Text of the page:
A defendant may waive his statutory right to file a § 2255 motion challenging his sentence. United States v. Abarca, 985 F.2d 1012, 1014 (9th Cir.), cert. denied, 508 U.S. 979 (1993). However, the plea agreement must expressly state that the right to bring a § 2255 motion is waived in order for the waiver to be valid. United States v. Pruitt, 32 F.3d 431 (9th Cir.1994) (finding that language in plea agreement that "he will not appeal whatever sentence is imposed by the court" did not constitute a waiver of the right to bring a § 2255 motion). Nevertheless, even an express waiver may not bar an ineffective assistance of counsel claim challenging the knowing and voluntary nature of the plea agreement or the voluntariness of the waiver itself. United States v. Jeronimo, 398 F.3d 1149, 1156 n. 4 (9th Cir.2005). See also Washington v. Lampert, 422 F.3d 864, 871 (9th Cir.2005) (finding waiver of right to file § 2254 petition is unenforceable with respect to an ineffective assistance of counsel claim challenging the voluntariness of the waiver itself).

Here, the waiver provision specifically states that the right to file a § 2255 motion is waived except for a § 2255 motion alleging ineffective assistance of counsel based solely on information not known to his at the time sentence was imposed. None of the allegations Diaz advances was unknown to his at the time his sentence was imposed. Therefore, unless his waiver was unknowing and involuntary, all of his claims are barred.

Diaz does not claim that the ineffective assistance of counsel rendered the waiver provision in his plea agreement unknowing, involuntary, or invalid. Diaz first claims that his counsel was ineffective based on an allegation that counsel failed to raise any mitigating evidence. Diaz fails to specify what mitigating evidence should have been presented, and he does not say that it was not known to him at the time of his sentencing. Diaz next claims that counsel was ineffective because he failed to seek a fast-track departure. But, as described below, the fast-track option was not available to Diaz, and this was known to Diaz at the time because he pleaded guilty to a drug offense.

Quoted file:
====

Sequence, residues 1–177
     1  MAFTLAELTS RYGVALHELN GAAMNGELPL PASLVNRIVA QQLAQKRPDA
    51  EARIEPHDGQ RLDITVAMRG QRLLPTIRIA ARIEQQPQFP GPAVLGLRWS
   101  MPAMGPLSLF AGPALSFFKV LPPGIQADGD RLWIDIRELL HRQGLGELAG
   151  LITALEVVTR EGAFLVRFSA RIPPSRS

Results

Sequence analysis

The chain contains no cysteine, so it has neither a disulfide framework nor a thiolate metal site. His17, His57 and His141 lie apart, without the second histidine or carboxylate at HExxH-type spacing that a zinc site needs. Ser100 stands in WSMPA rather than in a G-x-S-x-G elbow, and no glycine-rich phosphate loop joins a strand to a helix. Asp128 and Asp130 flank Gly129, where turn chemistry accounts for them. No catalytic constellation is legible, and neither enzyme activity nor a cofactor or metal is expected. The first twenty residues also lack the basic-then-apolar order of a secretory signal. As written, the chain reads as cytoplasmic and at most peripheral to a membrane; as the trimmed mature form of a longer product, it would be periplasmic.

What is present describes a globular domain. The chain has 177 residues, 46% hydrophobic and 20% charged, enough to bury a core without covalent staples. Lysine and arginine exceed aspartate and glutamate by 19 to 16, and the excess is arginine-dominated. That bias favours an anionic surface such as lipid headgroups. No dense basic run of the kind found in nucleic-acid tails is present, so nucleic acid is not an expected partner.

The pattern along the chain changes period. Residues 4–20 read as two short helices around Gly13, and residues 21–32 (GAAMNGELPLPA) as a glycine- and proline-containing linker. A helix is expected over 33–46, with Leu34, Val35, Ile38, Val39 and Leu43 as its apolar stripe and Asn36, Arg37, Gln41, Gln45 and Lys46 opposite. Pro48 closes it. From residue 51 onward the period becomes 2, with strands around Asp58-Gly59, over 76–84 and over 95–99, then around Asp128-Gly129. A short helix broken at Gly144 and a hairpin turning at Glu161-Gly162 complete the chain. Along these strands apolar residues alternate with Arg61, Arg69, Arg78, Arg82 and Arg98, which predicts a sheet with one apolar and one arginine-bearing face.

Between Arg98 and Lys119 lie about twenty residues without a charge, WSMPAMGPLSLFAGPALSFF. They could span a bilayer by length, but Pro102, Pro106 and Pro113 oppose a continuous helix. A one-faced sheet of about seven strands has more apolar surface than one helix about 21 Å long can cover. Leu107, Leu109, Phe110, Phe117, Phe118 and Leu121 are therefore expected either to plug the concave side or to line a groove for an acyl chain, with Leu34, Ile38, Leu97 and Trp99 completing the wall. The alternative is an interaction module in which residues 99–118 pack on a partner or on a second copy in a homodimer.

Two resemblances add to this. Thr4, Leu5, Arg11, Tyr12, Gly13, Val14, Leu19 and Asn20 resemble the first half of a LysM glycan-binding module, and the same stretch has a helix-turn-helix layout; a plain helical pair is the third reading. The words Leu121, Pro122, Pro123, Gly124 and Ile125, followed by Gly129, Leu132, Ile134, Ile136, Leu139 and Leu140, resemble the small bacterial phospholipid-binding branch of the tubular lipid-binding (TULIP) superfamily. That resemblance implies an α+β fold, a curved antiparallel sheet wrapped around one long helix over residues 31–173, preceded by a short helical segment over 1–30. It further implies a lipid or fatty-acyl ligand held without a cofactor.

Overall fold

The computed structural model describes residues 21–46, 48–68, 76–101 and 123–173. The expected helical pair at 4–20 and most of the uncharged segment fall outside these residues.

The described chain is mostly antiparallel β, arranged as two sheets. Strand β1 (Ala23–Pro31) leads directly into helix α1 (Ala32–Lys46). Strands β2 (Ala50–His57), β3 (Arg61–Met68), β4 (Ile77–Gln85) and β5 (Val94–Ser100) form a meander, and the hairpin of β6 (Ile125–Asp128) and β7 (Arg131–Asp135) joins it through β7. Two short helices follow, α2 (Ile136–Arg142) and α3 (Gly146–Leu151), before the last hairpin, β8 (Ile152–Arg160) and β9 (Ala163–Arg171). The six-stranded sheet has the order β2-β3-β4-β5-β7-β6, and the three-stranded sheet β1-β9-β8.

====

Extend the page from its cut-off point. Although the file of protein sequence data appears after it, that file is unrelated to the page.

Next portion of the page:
Regardless, however, Diaz's ineffective assistance of counsel claims would fail.

2. Ineffective Assistance of Counsel

A. Legal Standard

To prevail on an ineffective assistance of counsel claim, a defendant must show (1) that his representation fell below objectively "reasonabl[e] effective service" and (2) the reasonable probability that the result was prejudiced by counsel's actions. Strickland v. Washington, 466 U.S. 668, 687-688 (1984). The Strickland two-part test is applicable to cases where a defendant claims ineffective assistance of council during a guilty plea. Hill v. Lockhart, 474 U.S. 54, 58 (1985). Allegations that are merely conclusory are insufficient to support a claim for ineffective assistance of counsel. United State v. Johnson, 988 F.2d 941, 945 (9th Cir. 1993). The Court may evaluate the elements of ineffective counsel in either order, and need not show that both elements are not if there is insufficient showing of one. Id. at 697.

Generally, there is no rule that defines the basis for a finding of ineffective counsel; rather it is based on case specific circumstances. Strickland, 466 U.S. at 690. However, there is a presumption that "counsel's conduct falls within a wide range of reasonable professional assistance." Id. To show that counsel did not perform reasonably effective service, Diaz must show that counsel made errors that no reasonable attorney would have made under the same circumstances. Id. In evaluating counsel performance, the court should analyze performance throughout the case to determine if the alleged erroneous conduct "overcomes the presumption that counsel rendered reasonable professional assistance." Kimmelman v. Morrison, 477 U.S. 365, 386 (1986).

To show prejudice, a defendant must show that without counsel's errors, there is a "reasonable probability" that the result of the case would be different. Hill v. Lockhart, 474 U.S. 52, 58 (1985). A reasonable probability is "a probability sufficient to undermine confidence in the outcome." Strickland, 466 U.S. at 694. The burden to show prejudice is on the moving party. Id. The standard to show prejudice is "highly demanding." Kimmelman, 477 U.S. at 381-82. Even if there were an unreasonable error by counsel, if it does not affect the outcome, the judgment should not be set aside. Strickland, 466 U.S. at 62.